While fully self-driving vehicles are still something for the future, autonomous car technologies have the potential to have big impacts in the present. This is because there are already some partially autonomous safety features that are out on the market. Three examples of such technologies include: lane departure warning systems, forward collision warning systems and blind spot monitoring systems.
While these systems are available in some modern cars, there use is not yet widespread. What would happen traffic-safety-wise if these features did become widespread in their use? A recent study indicates that traffic accidents could go down significantly.
The study, done by researchers at Carnegie Mellon University, estimated that around 1.3 million auto crashes a year might be either reduced in severity or fully prevented if all three of the above-mentioned partially automated systems were in fleet-wide use in the United States. The study indicated such accident reductions, in turn, could result in a savings of anywhere from $18 billion to $202 billion a year.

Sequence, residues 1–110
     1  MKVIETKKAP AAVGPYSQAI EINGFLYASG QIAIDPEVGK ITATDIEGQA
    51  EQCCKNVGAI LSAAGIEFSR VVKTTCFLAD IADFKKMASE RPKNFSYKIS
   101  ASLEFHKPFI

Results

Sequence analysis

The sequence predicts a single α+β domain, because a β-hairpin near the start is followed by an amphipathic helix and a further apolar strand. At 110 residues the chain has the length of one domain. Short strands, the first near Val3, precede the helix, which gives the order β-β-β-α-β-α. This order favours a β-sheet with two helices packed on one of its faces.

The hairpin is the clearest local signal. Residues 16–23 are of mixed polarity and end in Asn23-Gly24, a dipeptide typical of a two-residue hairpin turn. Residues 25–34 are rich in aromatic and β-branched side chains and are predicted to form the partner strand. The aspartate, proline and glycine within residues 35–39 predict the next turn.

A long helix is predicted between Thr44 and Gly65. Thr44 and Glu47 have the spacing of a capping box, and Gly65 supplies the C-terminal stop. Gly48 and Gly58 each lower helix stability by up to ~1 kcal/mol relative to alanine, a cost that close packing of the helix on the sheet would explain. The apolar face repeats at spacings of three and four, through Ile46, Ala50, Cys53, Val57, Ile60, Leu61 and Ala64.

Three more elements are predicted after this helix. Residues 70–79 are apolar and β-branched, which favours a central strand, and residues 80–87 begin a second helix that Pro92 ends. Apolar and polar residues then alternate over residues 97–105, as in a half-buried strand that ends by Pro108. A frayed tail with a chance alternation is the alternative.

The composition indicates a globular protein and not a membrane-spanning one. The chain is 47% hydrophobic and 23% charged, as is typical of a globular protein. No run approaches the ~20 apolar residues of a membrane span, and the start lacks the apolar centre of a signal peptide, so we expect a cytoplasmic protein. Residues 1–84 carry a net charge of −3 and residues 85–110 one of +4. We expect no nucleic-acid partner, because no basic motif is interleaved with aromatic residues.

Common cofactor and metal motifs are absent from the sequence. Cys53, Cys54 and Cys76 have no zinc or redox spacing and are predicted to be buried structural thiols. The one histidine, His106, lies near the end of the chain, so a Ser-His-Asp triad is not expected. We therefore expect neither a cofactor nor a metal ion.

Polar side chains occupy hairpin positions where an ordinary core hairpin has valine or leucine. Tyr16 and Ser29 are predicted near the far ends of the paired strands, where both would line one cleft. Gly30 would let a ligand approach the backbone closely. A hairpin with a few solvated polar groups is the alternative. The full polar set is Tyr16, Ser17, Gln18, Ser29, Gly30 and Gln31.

According to one of the authors of the study, the estimated average per-vehicle cost to get all three of these systems into a vehicle is currently around $600.
What do you think it would take for use of these technologies to become widespread?
The above-mentioned findings underscore that new traffic safety technologies can have the potential to have big overall impacts out on the roads. The findings also serve as a reminder of how high the costs of car accidents can be. Such crashes can subject their victims to all kinds of costs, including: vehicle repair costs, costs of hospital treatment, surgical costs, medication costs, rehab costs, income losses and costs for equipment or home improvements a person needs as a result of the injuries they suffered. The potential of car crashes to have many monetary consequences is among the reasons why compensation-related issues can be such key and impactful ones for car accidents victims following a crash.
Source: Forbes, “How $600 In Auto Safety Features Could Save Up To $202 Billion In Crash Costs,” Alan Ohnsman, July 20, 2016